More info and Videos

IPEN : Working Together for a Toxics-Free Future

IPEN is working to establish and implement safe chemicals policies and practices that protect human health and the environment around the world

IPEN’s mission is a toxics-free future for all

image of IPEN brochure cover page
Click to download IPEN’s brochure

IPEN: toxic-fee is a global network of public interest organizations aiming to eliminate toxic substances.

IPEN is working to establish and implement safe chemicals policies and practices that protect human health and the environment around the world.

More Information

On Flickr®

Meet the twelve known Toxic Chemicals that damage our Children’s Brains

Illustration by Jackie Lay for The Atlantic post:
The Toxins That Threaten Our Brains

neurotoxins infographics
Leading scientists recently identified a dozen chemicals as being responsible for widespread neurodevelopmental disabilities, including #autism, attention-deficit hyperactivity disorder, dyslexia, and other cognitive impairments.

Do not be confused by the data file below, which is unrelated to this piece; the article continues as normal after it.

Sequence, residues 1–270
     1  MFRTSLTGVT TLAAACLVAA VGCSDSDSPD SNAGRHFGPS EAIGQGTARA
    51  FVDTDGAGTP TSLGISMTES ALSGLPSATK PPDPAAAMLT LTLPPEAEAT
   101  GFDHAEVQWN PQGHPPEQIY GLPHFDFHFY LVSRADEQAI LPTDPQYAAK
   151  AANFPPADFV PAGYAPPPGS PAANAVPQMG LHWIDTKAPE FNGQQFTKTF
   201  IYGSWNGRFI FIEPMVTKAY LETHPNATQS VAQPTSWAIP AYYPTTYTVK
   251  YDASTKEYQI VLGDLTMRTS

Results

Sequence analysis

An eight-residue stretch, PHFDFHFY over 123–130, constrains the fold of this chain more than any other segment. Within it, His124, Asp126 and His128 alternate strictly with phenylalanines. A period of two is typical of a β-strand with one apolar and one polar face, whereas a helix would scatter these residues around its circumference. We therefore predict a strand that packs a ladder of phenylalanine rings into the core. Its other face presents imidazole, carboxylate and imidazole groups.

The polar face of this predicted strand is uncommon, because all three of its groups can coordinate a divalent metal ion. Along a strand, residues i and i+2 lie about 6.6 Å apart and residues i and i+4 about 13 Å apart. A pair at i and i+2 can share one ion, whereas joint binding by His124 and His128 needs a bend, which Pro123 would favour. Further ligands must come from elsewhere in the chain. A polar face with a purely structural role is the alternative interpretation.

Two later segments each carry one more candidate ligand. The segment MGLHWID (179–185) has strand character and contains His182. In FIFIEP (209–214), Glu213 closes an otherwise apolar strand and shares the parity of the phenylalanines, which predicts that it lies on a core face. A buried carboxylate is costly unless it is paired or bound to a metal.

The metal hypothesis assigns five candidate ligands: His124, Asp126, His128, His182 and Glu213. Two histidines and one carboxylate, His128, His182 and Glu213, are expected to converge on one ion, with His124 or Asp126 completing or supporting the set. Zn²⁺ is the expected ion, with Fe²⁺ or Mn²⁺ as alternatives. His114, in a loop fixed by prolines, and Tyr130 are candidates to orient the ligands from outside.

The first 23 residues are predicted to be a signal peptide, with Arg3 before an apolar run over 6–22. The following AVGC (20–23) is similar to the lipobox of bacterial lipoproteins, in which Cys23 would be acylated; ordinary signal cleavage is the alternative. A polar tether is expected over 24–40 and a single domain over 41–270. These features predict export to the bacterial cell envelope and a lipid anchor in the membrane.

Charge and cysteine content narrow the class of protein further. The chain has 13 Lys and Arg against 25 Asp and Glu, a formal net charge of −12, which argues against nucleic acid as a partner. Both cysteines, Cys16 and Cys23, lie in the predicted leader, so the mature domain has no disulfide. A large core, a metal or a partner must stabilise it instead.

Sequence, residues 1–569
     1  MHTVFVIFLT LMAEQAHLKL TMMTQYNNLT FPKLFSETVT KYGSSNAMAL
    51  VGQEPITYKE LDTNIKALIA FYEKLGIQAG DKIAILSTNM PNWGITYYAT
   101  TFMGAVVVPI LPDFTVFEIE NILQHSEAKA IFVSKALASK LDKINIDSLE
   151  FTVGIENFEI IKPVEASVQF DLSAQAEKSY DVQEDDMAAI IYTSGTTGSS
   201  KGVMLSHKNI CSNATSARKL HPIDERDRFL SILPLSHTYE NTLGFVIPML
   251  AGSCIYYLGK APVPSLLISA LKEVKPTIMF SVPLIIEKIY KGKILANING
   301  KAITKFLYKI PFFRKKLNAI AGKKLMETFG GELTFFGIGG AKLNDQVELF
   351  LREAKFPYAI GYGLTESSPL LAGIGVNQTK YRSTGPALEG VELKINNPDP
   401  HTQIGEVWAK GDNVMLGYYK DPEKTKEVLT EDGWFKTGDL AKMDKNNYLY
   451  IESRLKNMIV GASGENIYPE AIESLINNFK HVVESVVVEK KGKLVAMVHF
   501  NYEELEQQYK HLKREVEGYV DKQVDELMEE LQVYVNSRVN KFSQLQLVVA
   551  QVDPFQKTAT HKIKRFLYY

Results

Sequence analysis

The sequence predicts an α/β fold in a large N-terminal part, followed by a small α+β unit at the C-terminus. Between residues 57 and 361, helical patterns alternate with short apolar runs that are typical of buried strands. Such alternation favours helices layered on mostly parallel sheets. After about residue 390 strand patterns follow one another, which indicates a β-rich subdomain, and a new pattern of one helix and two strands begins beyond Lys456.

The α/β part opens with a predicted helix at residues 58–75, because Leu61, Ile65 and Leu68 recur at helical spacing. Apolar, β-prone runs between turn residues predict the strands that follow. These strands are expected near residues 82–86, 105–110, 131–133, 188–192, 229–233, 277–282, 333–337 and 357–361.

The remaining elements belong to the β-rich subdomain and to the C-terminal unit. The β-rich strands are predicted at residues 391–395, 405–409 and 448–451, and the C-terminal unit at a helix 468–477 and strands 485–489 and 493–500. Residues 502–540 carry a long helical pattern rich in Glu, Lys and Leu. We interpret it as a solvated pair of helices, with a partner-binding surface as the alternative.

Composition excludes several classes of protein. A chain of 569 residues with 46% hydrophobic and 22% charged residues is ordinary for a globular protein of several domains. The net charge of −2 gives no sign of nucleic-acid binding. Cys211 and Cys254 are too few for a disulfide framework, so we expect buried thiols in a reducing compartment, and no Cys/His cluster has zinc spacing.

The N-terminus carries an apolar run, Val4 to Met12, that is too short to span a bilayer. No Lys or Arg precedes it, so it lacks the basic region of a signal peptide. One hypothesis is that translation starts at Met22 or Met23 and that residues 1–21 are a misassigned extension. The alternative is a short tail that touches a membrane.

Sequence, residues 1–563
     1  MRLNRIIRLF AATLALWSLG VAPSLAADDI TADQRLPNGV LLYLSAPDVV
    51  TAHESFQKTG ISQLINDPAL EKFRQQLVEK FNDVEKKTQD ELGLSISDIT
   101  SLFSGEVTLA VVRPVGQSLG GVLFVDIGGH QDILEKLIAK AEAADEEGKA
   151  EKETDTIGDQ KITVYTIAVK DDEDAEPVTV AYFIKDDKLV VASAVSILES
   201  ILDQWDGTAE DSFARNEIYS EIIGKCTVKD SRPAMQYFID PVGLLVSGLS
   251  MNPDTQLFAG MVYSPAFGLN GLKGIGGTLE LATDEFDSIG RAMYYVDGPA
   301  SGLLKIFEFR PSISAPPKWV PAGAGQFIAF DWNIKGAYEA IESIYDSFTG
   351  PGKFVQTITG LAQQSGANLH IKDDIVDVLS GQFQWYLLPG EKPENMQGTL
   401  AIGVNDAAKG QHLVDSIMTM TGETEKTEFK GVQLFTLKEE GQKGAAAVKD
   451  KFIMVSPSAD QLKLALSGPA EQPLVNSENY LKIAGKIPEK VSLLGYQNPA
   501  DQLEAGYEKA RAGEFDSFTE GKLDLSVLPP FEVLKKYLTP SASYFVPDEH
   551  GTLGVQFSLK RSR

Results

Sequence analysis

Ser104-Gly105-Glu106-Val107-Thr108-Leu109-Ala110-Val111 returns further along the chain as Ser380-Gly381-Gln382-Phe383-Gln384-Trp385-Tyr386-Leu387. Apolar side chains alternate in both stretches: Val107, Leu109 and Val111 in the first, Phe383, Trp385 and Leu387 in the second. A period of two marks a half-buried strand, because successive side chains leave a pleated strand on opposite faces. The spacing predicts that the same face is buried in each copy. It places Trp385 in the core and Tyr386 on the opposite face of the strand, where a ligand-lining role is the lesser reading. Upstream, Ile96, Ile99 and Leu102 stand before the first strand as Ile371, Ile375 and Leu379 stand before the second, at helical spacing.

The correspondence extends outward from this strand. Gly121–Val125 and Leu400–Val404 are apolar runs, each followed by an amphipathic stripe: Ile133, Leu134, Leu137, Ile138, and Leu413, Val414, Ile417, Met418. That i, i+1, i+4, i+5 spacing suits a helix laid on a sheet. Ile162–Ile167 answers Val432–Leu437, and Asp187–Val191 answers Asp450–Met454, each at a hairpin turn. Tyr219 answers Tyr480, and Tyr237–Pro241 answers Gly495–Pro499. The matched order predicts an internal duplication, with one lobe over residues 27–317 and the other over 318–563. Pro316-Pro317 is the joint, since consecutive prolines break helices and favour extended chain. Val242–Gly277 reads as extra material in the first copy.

Leading scientists recently identified a dozen chemicals as being responsible for widespread neurodevelopmental disabilities, including autism, attention-deficit hyperactivity disorder, dyslexia, and other cognitive impairments.
But the scope of the chemical dangers in our environment is likely even greater.

In 2006, Dr Philippe Grandjean did a systematic review and identified six industrial chemicals as developmental neurotoxicants:

  • arsenic
  • ethanol
  • lead
  • methylmercury
  • polychlorinated biphenyls PCBs
  • and toluene.

Seven years later, the number of chemicals known to be toxic to children’s developing brains has doubled with these six additional ones:

  • chlorpyrifos,
  • dichlorodiphenyltrichloroethane DDT/DDE,
  • fluoride,
  • manganese,
  • tetrachloroethylene PERC,
  • and the polybrominated diphenyl ethers PBDEs.

Dr Philippe Grandjean – who wrote the book Only One Chance, how to protect the Brains of the Next Generation – assumes that even more neurotoxicants remain undiscovered and proposes a global prevention strategy.